has become. It's very hurtful and upsetting that after 25 months in office, you haven't found the time to meet with our family.

Just give them some words of insurance. Sir, Morad, Emad, and I have now collectively languished here for 18 years. Our lives and families have been

devastated. We desperately, desperately need you to finally conclude that we suffered long enough as Iran's hostages.


AMANPOUR: You know, Roger, it's still very painful to listen to that for me and I'm sure for their families and probably for you as well. But the

fact of the matter is that there are several things that I need to ask you about that.

First and foremost, what is the state of negotiations by the U.S. administration for Siamak and Morad and Emad's release? And are they being

hampered by the political dynamic that swirls around between the U.S. and Iran?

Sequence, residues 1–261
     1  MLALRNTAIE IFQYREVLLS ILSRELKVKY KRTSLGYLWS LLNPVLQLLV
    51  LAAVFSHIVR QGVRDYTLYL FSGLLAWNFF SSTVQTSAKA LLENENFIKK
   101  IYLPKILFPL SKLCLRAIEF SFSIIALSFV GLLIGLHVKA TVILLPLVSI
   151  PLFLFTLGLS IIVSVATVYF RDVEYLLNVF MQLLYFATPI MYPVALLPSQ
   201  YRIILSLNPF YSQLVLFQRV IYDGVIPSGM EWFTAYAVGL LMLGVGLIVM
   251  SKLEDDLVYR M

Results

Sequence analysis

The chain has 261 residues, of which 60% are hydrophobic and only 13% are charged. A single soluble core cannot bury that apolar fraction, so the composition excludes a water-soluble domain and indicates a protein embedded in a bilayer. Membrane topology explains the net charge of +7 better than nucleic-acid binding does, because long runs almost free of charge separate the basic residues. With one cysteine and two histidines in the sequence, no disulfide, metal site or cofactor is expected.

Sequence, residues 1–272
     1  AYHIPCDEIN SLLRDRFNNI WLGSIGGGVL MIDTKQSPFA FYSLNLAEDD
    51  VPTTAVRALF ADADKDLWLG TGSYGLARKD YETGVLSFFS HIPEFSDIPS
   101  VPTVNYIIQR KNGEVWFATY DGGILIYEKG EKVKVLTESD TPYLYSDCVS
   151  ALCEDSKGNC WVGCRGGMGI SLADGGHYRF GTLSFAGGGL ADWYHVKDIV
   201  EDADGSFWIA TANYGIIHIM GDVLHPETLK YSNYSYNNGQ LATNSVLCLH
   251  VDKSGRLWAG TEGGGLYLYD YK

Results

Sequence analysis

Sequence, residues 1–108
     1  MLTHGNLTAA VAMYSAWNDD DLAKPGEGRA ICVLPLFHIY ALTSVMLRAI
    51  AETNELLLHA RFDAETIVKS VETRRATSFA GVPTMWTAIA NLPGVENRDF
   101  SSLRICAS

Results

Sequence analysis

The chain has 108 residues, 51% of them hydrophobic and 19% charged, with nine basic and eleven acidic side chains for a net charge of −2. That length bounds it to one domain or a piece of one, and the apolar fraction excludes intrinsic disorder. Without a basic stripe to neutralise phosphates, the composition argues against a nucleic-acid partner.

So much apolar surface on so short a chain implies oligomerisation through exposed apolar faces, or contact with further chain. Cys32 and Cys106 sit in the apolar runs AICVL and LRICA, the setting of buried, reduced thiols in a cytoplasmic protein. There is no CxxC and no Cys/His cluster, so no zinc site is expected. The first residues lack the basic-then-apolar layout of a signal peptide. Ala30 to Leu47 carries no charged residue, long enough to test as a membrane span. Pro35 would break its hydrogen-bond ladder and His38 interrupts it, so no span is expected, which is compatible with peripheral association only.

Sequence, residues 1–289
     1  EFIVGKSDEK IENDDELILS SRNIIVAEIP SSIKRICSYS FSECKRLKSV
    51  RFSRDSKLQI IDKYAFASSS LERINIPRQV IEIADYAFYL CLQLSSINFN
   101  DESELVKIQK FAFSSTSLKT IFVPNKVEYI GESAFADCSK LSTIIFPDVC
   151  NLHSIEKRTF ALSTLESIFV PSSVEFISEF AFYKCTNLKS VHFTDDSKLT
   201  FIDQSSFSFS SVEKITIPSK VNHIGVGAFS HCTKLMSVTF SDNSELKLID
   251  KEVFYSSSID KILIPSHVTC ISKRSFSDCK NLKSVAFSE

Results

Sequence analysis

CARSTENS: So, Christiane, I can't get into very many details about this. This is probably one of the most sensitive outreaches. I can tell you that

we still continue to work on this negotiation, to bring these Americans home.

I agree with what he said. It's painful -- it is painful to listen to. I talked to the families quite often. Secretary Blinken talked to all the

families. And we take his pleas very quite seriously. But just can't get into the details of that.

But in terms of the -- I would say, the tensions between us and the United States or whether -- I'm sorry, us and the Iranians and whether it kind of

affects the negotiations, I would assume there be an aspect of that in the negotiation we've had. Any yet, from my time in these three years of doing